Photo: Latin American Children Need to be in School
Over 22 million boys, girls and adolescents in Latin America and the Caribbean are not in school or are at serious risk of dropping out, according to a new United Nations report, which calls for a joint effort across sectors to ensure that all children can complete their education.
The report, “Finishing School. A Right for Children’s Development: A Joint Effort”, says there are some 117 million boys, girls and adolescents in the preschool, primary and basic secondary education age groups in the region, 6.5 million of whom do not attend school.
The report, presented by the UN Children’s Fund (UNICEF) and the UN Educational, Scientific and Cultural Organization (UNESCO), adds that 15.6 million of these young people attend school carrying the burden of failure and inequality expressed in either a lag of two years of more behind the normal age for their school grade or a record of grade repetition.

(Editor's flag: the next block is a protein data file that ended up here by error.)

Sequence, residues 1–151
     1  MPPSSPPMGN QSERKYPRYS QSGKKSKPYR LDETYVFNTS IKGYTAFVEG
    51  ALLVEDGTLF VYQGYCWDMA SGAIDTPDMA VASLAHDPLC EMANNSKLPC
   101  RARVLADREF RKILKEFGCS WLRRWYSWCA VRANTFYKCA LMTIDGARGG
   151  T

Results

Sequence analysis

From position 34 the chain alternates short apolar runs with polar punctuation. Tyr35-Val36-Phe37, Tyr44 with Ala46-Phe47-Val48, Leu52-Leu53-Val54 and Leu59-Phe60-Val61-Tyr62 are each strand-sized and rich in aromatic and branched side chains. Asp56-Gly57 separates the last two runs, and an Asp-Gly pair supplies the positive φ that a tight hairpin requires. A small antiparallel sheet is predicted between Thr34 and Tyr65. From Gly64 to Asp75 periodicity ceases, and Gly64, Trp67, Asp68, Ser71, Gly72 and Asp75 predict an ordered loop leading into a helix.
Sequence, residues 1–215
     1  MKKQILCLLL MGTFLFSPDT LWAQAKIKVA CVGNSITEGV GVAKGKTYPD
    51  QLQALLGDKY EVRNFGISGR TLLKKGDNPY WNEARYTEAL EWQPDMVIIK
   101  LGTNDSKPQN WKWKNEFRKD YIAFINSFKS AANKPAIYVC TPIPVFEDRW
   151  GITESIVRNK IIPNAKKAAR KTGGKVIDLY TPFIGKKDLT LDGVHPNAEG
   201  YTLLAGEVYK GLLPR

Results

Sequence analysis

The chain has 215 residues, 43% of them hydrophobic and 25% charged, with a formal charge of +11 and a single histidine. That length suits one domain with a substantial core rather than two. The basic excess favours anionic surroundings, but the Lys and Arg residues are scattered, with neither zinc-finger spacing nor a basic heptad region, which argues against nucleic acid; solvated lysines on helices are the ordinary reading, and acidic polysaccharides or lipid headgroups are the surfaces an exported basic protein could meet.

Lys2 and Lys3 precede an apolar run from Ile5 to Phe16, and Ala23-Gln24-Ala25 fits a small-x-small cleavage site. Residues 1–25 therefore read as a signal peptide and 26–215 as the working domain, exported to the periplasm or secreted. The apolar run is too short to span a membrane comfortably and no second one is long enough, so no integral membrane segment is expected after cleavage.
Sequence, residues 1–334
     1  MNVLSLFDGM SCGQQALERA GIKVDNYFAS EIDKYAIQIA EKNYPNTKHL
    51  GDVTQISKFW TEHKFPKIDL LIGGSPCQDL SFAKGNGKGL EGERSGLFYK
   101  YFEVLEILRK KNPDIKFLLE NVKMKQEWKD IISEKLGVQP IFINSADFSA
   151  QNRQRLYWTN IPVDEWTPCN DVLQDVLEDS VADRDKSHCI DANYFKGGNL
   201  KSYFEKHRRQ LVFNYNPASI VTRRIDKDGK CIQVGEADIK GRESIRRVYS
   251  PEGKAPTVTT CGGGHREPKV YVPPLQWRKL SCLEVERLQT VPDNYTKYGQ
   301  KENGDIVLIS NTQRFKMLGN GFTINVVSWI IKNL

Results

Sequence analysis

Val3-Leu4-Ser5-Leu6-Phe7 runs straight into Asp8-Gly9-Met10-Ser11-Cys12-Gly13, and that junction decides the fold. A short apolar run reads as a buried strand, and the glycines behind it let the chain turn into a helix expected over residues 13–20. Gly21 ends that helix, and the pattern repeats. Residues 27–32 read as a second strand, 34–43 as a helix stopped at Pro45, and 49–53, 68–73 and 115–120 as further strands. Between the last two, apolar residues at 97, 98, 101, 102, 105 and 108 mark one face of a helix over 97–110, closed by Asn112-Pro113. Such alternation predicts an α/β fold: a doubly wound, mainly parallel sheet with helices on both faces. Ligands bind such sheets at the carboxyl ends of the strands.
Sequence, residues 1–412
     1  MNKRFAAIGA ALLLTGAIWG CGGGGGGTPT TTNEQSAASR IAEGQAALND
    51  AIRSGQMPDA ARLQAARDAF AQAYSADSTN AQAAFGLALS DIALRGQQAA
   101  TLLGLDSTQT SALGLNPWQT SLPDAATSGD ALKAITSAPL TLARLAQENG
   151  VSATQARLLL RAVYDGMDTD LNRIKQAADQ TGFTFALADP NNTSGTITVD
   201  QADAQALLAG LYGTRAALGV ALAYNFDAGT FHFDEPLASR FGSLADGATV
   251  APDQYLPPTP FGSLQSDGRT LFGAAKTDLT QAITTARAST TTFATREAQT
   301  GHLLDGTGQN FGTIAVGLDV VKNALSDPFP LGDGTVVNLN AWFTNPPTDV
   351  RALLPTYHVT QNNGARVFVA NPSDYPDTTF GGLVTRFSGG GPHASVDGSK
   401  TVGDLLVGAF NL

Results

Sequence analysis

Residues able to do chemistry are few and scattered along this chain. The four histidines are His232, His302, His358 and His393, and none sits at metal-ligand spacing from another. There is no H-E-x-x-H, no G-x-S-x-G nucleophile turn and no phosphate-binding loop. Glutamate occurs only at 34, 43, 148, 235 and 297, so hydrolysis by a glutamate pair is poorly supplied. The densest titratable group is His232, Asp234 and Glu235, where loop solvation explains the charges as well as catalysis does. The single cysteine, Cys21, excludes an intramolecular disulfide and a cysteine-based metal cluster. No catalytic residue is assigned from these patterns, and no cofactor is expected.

The report also stresses that boys, girls and adolescents from indigenous, Afro-descendant or disabled groups, or those living in rural areas, are at greater risk of exclusion or grade repetition. The data showed that in some countries less than 50 per cent of the secondary school-age population in rural areas is attending school.
There is also a clear link between the element of child labor and school attendance – students aged between 12 and 14 years who are at work, many of whom are receiving schooling, showed lower rates of attendance than those who do not work.